Insolvency and Bankruptcy: Is a Challenge to an Arbitral Award an “Existing Litigation” Within the Meaning of the Code?


The Supreme Court held that:

  • the request for the opening of a procedure for the resolution of the insolvency of the company by the operational creditor is likely to be rejected in the presence of a “pre-existing dispute” as to the debt;
  • the pending challenge of an arbitral award qualifies as a “pre-existing dispute” for the purpose of initiating a corporate insolvency resolution process by the operating creditor;
  • the Code should not be used inappropriately as a substitute for debt adjudication and enforcement proceedings under other laws.


Recently, the Supreme Court of India (“Supreme Court“) in K. Kishan v M/s Vijay Nirman Company P. Ltd.1, considered whether the Insolvency and Bankruptcy Code, 2016 (“the Coded”) may be invoked in respect of an operational debt where the arbitration award made against the operational debtor creating that debt is pending challenge under section 34 of the Arbitration and Conciliation Act 1996 (“Law”).


M/s Vijay Nirman Company Pvt. Ltd (“Respondent”) and M/s Ksheerabad Constructions Pvt. ltd. (“KCPL”) entered into an agreement on February 1, 2008 for the construction and widening of the existing two-lane highway. Subsequently, disputes and disputes arose between the parties and these were referred to arbitration proceedings which ultimately resulted in an award dated January 21, 2017 (“Award”). In the award, among other relief, a sum of INR 1,71,98,302 was awarded in favor of the Respondent in relation to certain certificates of interim payment. Some counterclaims were dismissed in the award.

Subsequently, on February 6, 2017, the defendant issued a formal notice (under section 82 of the Code) on KCPL. KCPL challenged the formal notice within 10 days on the grounds that the amount claimed was subject to arbitration proceedings.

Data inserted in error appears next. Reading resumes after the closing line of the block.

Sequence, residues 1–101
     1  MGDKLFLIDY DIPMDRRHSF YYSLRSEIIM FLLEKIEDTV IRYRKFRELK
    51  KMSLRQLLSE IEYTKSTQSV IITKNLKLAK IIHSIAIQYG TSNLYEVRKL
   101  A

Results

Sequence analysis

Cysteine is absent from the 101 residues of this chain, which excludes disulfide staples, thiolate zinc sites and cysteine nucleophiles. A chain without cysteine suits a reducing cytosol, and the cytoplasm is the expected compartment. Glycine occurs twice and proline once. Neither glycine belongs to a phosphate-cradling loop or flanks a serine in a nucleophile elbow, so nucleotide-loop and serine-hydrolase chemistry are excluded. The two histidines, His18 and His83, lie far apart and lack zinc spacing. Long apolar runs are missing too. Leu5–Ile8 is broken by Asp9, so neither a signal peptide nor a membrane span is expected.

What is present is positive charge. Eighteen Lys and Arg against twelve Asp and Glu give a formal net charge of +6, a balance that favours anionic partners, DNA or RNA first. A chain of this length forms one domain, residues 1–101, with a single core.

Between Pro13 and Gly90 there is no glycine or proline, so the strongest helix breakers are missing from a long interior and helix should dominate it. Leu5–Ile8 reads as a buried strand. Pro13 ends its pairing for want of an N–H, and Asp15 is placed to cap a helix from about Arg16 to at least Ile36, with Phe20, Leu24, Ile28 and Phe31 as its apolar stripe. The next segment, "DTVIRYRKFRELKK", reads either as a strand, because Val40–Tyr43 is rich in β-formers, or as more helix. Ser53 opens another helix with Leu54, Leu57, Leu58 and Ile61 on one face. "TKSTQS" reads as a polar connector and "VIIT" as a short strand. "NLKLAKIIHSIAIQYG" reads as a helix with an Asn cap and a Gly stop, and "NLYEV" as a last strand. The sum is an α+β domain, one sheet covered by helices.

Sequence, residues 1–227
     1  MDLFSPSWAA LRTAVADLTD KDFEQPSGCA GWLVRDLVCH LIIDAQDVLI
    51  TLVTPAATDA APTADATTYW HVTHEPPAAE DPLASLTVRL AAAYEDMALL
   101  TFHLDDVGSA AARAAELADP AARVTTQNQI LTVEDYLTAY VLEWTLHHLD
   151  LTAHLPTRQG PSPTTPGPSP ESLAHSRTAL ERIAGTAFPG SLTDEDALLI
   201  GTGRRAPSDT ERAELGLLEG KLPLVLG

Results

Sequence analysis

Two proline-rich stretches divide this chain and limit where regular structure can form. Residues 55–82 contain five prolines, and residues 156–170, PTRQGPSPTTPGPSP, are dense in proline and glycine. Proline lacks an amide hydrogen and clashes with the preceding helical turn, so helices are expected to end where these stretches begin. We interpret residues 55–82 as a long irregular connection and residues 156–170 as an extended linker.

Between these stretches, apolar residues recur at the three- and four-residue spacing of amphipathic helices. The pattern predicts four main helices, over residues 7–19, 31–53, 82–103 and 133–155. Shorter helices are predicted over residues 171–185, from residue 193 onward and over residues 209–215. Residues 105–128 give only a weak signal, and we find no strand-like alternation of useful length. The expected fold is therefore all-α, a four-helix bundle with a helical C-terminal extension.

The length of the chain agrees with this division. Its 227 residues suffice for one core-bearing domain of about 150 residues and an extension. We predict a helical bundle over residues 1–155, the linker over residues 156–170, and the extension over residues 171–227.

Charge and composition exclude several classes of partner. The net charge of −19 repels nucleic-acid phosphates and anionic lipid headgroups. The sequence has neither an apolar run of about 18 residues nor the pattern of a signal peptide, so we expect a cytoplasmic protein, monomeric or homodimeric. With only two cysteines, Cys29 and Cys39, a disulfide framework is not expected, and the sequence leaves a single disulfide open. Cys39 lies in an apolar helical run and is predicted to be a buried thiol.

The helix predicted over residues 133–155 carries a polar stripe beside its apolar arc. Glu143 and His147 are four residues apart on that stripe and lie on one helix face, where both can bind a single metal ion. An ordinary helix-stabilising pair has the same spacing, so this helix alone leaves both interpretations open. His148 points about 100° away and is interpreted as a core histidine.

Subsequently, on April 20, 2017, KCPL challenged the award under Section 34 of the Act. On July 14, 2017, a section 9 request3 of the Code was filed by the Defendant indicating that the amount granted in favor of the Defendant was an “operational debt” and that the non-payment of the said debt was grounds for initiating the process of resolution of the company’s insolvency (“CIRP”) under the Code (“Section 9 Request”).

On August 29, 2017, the National Court of Company Law (“NCLT”) admitted the application under article 9 and observed that the expectation of a challenge under article 34 was irrelevant because there had been no suspension of the sentence and , moreover, the amount of the claim was admitted during the arbitration proceedings. On appeal, the National Company Law Appeal Tribunal (“NCLAT”) upheld the NCLT’s decision basing the reasoning that the Arbitral Tribunal’s order adjudicating on default, would be treated as “a recording of an operational liability”. The NCLAT’s decision was later challenged in the Supreme Court.



Based on the Supreme Court’s decision in Mobilox Innovations Private Limited v Kirusa Software Private Limited4 (2018) 1 SCC 353 (“Mobilox”), it has been argued that the purpose of the code is not to replace debt settlement and enforcement under other laws (including the law), and as soon as there is a genuine dispute between the parties which does not necessarily have to be a “good faith dispute”, which is likely to end in court, the CIRP procedure cannot be initiated against the operational debtor. It was argued that the very fact that a section 34 challenge is pending reflects a genuine dispute that was pre-existing and that resulted in the award and was challenged.

There have been counterclaims rejected by the Arbitral Tribunal, which exceed the amount awarded to the Respondent.

Contrary to the conclusion of the NCLAT, there is nothing inconsistent between the arbitration and enforcement process under the Act and the application of sections 8 and 9 of the Code, and so long as the existence of a dispute is established, the Act will apply.


It has been relied on insolvency laws in the UK and Singapore to argue that once there is a primary judgment that indicates the existence of a debt, any further litigation that may be in proceeding on appeal or otherwise regarding the debt cannot be considered to be in good faith. dispute by the debtor.

The NCLAT correctly applied section 238 of the Code because there would be an inconsistency between the applicability of the Code and the proceedings under section 34.